We keep walking. I feel bad for just being there, for giving them business. We want to leave. The bus however, is nowhere to be found, and we’re shepherded onto a train. It’s like a cute, open, tour-trolley, only it’s been fitted with bars and caging. We are locked into the cars. It feels a little like we’re being shipped off to a labor camp. The train starts with a burst of fumes and honking, and we putter to the open animal enclosures, first: the big cats. These animals, at least, look a bit happier, and have some freedom. Lions, tigers, wolves. Except for the prevalence of trash EVERYWHERE (seriously, China? A, your tourists can’t stop themselves from flinging their garbage out of their cars when there are perfectly good trashcans ten minutes later. And B, your zookeepers can’t be fucking bothered to pick up the bottles and wrappers? It’s disgusting), these animals have it much better than the ones we’ve already seen.

But then we come to the bear enclosure. The train stops, and the bears shamble over to the edge of their fence. They stand on the legs and wait expectantly. The driver throws a few tiny, bite sized bits of food, which are caught and eaten immediately. When the driver doesn’t give them more, they beg. Like spoiled pet dogs, only, I’m pretty sure these animals have been starved so that they give tourists a good show. There is something profoundly sad, dispiriting and awful about seeing giant, wild animals like bears begging for scraps. The train continues on, past deer, giraffe, bison, flamingos, we get a chance to disembark and pet some zebras, we walk on through a herd of goats. Here, some of my coworkers thought it would be a good idea to feed the goats, and ended up getting molested by them. If you’re going to do something so dumb as to feed a herd of goats who know by now how to mark which tourists are saps, for god sake don’t hold an apple in your hand and give them bits of it. They will follow you, butt you, and eventually jump on you, pawing at you and taking the apple from you. Goats are creepy, what with their rectangular pupils and crooked, shifty faces. More birds, peacocks, and then finally we come to the end, where the bus is waiting for us.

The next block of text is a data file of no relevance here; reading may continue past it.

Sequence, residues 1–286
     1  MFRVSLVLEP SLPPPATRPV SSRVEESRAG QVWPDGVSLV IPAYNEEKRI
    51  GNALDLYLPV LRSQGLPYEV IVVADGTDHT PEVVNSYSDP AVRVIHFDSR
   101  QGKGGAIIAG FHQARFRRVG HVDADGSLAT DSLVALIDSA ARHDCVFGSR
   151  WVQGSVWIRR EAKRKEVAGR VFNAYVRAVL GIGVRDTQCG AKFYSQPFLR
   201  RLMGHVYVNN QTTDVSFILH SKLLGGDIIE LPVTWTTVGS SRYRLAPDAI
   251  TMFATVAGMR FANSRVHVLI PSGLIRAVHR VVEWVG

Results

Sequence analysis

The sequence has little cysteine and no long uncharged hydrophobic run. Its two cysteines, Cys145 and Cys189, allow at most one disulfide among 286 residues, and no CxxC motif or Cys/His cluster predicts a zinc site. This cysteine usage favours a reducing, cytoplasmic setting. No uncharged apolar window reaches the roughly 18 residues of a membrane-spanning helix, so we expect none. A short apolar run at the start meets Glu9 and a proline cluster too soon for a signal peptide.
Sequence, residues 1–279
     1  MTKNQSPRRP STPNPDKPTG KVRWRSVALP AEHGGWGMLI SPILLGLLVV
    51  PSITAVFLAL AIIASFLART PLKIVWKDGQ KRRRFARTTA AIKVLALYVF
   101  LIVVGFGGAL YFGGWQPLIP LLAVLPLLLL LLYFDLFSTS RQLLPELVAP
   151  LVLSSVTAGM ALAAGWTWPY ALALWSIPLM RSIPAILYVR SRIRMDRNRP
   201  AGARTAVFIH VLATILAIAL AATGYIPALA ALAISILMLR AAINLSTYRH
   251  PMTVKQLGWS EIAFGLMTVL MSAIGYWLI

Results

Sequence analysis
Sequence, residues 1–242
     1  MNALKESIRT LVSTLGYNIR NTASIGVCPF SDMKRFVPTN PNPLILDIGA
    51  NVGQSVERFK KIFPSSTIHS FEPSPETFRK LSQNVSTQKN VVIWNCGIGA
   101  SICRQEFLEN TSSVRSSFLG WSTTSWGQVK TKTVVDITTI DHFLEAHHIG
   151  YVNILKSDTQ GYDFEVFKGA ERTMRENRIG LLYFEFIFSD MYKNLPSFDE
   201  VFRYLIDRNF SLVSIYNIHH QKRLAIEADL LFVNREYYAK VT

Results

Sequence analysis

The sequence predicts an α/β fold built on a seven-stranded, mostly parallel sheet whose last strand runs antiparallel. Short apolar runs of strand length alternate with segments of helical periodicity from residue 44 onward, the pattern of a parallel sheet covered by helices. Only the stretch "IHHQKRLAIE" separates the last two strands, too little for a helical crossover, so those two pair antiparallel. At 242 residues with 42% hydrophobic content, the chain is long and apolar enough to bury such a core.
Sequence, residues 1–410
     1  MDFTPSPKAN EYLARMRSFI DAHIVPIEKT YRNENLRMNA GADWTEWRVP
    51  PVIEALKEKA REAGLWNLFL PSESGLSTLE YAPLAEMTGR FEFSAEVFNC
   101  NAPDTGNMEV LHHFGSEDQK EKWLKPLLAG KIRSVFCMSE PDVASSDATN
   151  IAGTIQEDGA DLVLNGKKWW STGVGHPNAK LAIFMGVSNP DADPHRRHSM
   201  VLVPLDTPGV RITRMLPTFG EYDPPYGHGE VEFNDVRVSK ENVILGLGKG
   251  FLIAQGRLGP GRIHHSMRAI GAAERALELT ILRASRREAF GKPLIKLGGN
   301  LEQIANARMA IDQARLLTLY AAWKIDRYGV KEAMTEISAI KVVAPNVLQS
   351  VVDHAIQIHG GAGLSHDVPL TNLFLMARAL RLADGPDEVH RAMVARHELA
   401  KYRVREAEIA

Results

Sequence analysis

I didn’t take any pictures. It was too awful. I sort of wish I had, so that I could send them to someone who has the time and effort and means to protest such an awful place. If you told me that that zoo kept the bears to farm their bile (this is a thing, a really gross and horrible thing in China), or sold the exotic animals on the black market as food and traditional medicine, I would totally believe it.

So please. If you are in Qinghuangdao, do not go to the zoo. Just don’t. Or, go, and try and break the animals out, or take pictures and send them to PETA or animal rights activists. The conditions are heartbreaking and I actually wanted to cry.